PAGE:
The goal of mindfulness is not to change the bad to good but rather to accept the bad as an inherent part of a whole. “The notion toward difficulties that we need to fix them or get rid of them, I would say it’s unrealistic, or foolish,” he said. He encouraged confronting difficult thoughts, feelings, emotions, and sensations with an attitude of, “Yes, this too.”
One audience member, a therapist who helps counsel suicidal youth, praised the balanced view of pain and suffering that mindfulness offers. “It’s very powerful,” she said, “to remind people that we don’t have to whitewash the pain.”
Lovingkindness meditation, the other side of this two-sided coin, focuses on fostering warmth and compassion toward ourselves and others, and on cultivating a sense of interconnectedness with other living beings. In one approach, Kornfield had participants visualize a luminous figure of warmth and compassion — “It could be Jesus, the Virgin of Guadalupe, the Buddha, a dead grandmother, anyone,” he said — sharing the gift of encouragement.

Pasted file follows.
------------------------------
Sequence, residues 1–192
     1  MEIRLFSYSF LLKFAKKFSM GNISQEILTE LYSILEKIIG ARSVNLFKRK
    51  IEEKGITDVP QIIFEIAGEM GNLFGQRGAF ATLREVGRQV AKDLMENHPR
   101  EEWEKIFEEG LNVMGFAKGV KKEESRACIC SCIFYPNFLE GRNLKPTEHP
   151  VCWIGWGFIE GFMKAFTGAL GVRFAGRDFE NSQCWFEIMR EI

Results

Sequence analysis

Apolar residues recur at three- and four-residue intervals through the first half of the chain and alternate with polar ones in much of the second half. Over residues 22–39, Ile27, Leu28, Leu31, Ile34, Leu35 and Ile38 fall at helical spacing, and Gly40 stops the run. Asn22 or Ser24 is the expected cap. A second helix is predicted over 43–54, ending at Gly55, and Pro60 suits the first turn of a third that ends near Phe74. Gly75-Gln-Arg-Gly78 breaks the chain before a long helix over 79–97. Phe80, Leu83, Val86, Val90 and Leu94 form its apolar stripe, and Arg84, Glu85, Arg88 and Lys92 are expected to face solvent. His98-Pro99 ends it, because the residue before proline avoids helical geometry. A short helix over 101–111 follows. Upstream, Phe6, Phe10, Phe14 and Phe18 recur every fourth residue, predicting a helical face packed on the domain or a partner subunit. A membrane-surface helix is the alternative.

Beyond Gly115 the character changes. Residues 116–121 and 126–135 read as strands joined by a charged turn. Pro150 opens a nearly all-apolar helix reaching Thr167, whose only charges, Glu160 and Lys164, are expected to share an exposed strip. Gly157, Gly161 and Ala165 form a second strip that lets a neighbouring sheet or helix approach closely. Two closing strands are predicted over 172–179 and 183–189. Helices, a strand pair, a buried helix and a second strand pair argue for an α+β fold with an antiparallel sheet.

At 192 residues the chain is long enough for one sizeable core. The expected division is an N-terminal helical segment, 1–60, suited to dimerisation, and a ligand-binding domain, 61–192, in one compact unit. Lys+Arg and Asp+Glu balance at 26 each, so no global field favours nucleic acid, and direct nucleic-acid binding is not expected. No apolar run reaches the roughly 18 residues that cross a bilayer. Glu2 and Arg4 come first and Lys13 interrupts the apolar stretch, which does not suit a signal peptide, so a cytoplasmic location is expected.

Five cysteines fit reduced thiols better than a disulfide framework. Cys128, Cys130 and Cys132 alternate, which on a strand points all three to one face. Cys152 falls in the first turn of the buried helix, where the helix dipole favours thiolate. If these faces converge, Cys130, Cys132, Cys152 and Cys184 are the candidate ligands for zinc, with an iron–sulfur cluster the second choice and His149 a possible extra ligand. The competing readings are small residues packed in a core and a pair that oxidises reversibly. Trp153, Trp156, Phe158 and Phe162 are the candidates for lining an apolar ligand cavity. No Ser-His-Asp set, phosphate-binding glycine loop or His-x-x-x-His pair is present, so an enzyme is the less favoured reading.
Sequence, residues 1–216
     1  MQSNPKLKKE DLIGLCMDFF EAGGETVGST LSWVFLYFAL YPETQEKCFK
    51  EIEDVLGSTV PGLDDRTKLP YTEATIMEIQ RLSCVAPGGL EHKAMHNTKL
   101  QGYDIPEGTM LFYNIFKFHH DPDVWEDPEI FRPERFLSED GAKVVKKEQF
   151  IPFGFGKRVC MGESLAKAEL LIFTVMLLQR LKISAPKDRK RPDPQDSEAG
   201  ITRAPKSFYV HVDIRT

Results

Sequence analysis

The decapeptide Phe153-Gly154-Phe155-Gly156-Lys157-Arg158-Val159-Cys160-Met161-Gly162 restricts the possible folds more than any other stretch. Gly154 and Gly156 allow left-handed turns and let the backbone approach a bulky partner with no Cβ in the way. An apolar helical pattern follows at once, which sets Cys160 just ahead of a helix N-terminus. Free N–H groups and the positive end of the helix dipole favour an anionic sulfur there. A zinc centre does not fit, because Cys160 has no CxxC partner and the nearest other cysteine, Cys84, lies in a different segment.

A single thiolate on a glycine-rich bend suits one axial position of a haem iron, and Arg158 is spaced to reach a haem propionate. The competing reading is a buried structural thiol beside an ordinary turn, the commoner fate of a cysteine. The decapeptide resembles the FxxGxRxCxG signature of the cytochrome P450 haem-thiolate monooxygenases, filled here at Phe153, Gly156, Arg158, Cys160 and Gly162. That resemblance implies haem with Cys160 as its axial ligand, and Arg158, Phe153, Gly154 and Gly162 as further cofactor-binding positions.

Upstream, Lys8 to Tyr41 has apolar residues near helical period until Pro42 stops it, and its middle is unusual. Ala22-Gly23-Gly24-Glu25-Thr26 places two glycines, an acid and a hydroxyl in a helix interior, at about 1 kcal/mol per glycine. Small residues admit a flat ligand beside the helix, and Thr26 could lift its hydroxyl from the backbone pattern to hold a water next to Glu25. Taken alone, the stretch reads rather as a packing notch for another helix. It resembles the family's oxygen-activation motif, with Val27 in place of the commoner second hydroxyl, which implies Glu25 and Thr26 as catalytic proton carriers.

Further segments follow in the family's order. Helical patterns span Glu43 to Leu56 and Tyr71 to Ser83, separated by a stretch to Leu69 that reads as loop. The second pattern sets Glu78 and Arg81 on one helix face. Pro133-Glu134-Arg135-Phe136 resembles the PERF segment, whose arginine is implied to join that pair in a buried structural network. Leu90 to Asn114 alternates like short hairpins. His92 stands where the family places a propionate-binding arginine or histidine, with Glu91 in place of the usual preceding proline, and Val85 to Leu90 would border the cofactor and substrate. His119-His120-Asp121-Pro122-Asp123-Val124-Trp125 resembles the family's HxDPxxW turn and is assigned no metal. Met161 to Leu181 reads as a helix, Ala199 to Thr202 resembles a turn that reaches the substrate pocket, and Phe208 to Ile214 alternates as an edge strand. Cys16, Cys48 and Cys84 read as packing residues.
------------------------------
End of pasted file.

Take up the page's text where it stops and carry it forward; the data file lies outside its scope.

Scott, from Lancaster, PA, said that his luminous figure was the Dalai Lama, who gave him a smooth stone in the shape of a heart. Scott is a cardiologist who hopes to encourage his patients to adopt meditative practices to help reduce stress.
“The brain thinks in symbols,” Kornfield proclaimed after giving participants the chance to describe the gifts they had imagined receiving. “These are gifts of our own wisdom.” This approach helps practitioners realize that they can offer lovingkindness to themselves; the luminous figure and the meditator are one and the same. “The wisdom you seek, you already carry within you,” he said.